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Showing posts from July 27, 2008

Houston Had a Problem

One of the reasons you should never turn a game off, even the frustrationfest that was Friday's loss to the Astros, is because of a game that took place in Houston 36 years ago. On September 2, 1972, the Mets staged their biggest rally ever, bigger even than the Piazza-completed Braves comeback with which we're quite familiar. The Mets were out of the postseason hunt by then, so thus starting Brent Strom in a September contest was not a big deal. Strom's day was done quickly. By the third inning, the Astros had a 4-0 lead. With staff ace Don Wilson shutting down the Mets without much issue, the Astros built on their advantage, and after scoring twice in the seventh, the lead had mushroomed to 8-0. It seemed fairly inconsequential when the first three batters reached in the visitors eighth, and there wasn't much thought of a comeback when Tommie Agee brought home one with a sacrifice fly. But then Ken Boswell's three-run home run ended Wilson's night and slic

All Rhodes Lead to Walk-Offs

You can see why the Marlins thought it wise to pick up Arthur Rhodes by looking at the Mets hitters who have struggled against him. Carlos Delgado- .167 BA, 5 hits, 8 strikeouts Damion Easley- .188 BA (3 for 16) Fernando Tatis- 0 for 4 David Wright- 0 for 4 But there is one Met who has some success against Rhodes and he figures to be key to any Mets-Marlins matchup the rest of the way. Carlos Beltran is 4-for-10 in his career against Rhodes and among his successes is a walk-off home run. Sure it was awhile ago, July 20, 2003, but it was still significant. The Royals, believe it or not, were in first place at the time, and so were the Mariners. Kansas City had been going pretty good all season, good enough that blowing a 5-0 seventh inning lead didn't faze them. And facing Rhodes in the 10th inning, even behind in the count, 0-2, didn't bother Beltran, who crushed his first career walk-off home run, a deep drive to left center field that appeared to tick off the glove of non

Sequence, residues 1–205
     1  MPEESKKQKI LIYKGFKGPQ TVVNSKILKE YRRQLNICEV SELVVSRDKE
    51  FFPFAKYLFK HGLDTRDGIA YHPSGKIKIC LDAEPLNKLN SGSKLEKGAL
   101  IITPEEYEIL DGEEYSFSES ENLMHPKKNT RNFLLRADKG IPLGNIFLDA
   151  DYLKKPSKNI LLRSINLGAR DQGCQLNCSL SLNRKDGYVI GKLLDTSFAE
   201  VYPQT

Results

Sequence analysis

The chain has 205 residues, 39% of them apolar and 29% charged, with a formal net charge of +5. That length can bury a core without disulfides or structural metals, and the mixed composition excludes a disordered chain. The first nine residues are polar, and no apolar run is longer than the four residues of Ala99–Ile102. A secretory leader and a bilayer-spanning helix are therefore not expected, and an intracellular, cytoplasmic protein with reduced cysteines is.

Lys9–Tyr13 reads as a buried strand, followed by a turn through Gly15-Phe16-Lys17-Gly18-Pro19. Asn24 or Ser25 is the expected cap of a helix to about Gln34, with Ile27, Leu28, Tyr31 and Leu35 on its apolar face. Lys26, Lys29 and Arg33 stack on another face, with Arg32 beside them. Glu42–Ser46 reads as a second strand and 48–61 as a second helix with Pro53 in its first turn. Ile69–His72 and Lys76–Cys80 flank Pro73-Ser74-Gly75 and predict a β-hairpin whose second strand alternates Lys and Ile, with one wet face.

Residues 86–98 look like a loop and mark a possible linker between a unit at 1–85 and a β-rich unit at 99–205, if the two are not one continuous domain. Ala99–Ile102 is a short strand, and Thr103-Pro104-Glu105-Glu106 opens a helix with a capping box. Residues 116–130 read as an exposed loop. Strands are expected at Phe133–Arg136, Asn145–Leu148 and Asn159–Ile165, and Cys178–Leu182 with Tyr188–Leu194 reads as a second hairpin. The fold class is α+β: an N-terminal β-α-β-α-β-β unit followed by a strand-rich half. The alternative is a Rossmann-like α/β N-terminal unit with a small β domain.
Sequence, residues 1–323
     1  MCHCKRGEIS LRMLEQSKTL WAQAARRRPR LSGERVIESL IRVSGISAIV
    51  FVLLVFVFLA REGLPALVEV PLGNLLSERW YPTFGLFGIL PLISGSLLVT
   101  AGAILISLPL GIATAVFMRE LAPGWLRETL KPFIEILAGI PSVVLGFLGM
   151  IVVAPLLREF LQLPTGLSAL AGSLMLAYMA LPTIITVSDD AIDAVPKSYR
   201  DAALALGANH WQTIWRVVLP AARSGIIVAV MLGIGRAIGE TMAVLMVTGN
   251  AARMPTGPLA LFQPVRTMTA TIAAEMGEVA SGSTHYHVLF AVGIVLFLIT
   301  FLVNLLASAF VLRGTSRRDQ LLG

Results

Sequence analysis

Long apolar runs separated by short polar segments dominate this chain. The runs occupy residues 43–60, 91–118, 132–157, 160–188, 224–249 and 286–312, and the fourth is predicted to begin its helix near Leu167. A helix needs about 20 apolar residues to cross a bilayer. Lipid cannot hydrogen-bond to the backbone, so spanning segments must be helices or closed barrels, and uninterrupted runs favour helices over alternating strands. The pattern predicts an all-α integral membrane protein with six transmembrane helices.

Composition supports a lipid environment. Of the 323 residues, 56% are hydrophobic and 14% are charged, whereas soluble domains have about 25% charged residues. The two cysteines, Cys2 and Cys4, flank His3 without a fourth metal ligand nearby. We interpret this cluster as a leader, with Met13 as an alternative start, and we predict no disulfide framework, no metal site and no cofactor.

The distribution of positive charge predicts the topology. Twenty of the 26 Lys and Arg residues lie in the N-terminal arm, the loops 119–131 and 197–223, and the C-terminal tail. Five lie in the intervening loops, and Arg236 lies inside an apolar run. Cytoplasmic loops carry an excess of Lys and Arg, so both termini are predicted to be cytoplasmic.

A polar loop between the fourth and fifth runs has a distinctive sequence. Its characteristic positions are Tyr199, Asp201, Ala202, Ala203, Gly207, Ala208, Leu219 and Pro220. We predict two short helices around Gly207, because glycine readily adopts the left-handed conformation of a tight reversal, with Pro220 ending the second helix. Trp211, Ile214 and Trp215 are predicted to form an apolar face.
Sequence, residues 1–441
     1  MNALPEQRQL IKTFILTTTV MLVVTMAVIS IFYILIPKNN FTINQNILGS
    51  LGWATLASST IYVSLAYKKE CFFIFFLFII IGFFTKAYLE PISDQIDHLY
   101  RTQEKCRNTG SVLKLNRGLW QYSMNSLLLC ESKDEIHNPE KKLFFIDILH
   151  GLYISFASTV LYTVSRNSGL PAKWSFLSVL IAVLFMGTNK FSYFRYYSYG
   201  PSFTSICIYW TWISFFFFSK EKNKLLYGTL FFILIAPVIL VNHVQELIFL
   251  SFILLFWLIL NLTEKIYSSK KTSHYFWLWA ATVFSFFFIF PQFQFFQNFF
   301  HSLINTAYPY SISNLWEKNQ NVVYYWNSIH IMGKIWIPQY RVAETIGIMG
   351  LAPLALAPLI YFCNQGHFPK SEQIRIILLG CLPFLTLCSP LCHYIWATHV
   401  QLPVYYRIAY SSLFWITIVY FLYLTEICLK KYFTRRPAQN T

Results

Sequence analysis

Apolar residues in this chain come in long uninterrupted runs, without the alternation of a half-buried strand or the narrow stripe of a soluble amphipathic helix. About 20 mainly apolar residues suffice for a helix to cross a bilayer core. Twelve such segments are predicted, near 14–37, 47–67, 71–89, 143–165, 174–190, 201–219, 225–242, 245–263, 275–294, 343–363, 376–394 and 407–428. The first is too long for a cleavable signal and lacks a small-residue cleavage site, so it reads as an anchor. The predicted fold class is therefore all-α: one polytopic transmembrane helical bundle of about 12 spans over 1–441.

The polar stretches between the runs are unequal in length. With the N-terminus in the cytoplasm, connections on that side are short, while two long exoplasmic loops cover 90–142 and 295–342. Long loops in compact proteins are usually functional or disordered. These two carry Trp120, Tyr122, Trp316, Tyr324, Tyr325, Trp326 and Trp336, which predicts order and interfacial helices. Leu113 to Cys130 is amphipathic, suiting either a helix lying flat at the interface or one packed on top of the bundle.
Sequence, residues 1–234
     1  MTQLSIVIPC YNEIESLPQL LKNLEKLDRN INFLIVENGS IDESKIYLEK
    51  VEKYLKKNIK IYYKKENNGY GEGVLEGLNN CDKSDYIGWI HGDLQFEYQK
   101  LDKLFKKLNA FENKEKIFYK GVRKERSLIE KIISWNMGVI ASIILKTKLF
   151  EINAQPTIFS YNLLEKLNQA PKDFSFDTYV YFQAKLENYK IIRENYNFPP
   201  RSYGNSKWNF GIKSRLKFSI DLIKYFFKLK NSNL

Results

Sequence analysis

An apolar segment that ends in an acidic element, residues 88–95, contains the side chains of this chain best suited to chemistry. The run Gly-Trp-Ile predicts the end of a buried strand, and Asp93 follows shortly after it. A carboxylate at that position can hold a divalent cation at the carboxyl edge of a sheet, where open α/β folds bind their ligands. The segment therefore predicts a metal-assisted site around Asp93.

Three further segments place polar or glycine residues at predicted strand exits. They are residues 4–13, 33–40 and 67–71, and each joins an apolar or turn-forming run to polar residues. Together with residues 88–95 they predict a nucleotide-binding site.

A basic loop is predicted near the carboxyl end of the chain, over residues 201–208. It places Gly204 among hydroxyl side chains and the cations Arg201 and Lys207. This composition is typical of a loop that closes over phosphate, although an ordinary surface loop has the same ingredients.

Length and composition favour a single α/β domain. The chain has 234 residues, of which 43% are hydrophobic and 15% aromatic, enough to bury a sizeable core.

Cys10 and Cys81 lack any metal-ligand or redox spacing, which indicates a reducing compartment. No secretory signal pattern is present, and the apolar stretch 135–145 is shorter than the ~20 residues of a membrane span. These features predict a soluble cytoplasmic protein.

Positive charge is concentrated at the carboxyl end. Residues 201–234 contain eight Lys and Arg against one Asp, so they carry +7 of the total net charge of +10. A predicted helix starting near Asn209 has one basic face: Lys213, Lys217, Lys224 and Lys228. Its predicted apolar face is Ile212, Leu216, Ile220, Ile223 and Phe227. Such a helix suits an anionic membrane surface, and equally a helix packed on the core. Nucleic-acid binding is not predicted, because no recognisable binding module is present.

Butch Huskidy and the Sunshine Kid

It's common for me on an off-day to thumb through the Mets media guide, randomly looking for notes of interest. Today, for some reason, I was drawn to page 204, which lists the longest hitting streak in Mets history. If you were going to play "Who doesn't belong" on the list of those to have hit in 20 or more consecutive games for the Mets, the name that stands out is Butch Huskey. Butch Huskey's 20-game hit streak is pertinent to this blog because of a funky coincidence. The first and last games were both walk-off wins. Huskey didn't get the headlines on either August 22, when the hitting streak commenced, nor September 13, when it reached its apex. The latter occurred on the day of the "Brand New Shiny" walk-off . The former was due to a story of another nature. Remember when Bobby Valentine griped that Todd Hundley wasn't getting enough sleep? Remember Hundley's response? It came on that day in a rather wacky contest between the Mets

Oh Doctor (Taylor)

My parents are visiting Nova Scotia and other parts of Canada this week, and while the trip doesn't particularly interest me on its own merits (I'm sorry...I don't like to travel), it does give me an excuse to blog about the best Canadian Met. That would be Dr. Ron Taylor, the former reliever who hails from Toronto, the one Canadian city I've visited previously (The SkyDome gets an A+...the rest of the city, eh...). Purchased from the Astros after he had a mediocre 1966 season, Taylor was a key component of the Mets bullpen from 1967 to 1971. Taylor had a rough stretch early in his Mets career, allowing runs in six of his first 12 appearances in that 1967 season. But then he settled down rather nicely. Over his next 17 appearances, he allowed but one run in 24 2/3 innings. Among his successful appearances was an exciting walk-off win against the Pirates on June 26. It sounded like a rather entertaining game from the newspaper accounts I've read, one that would f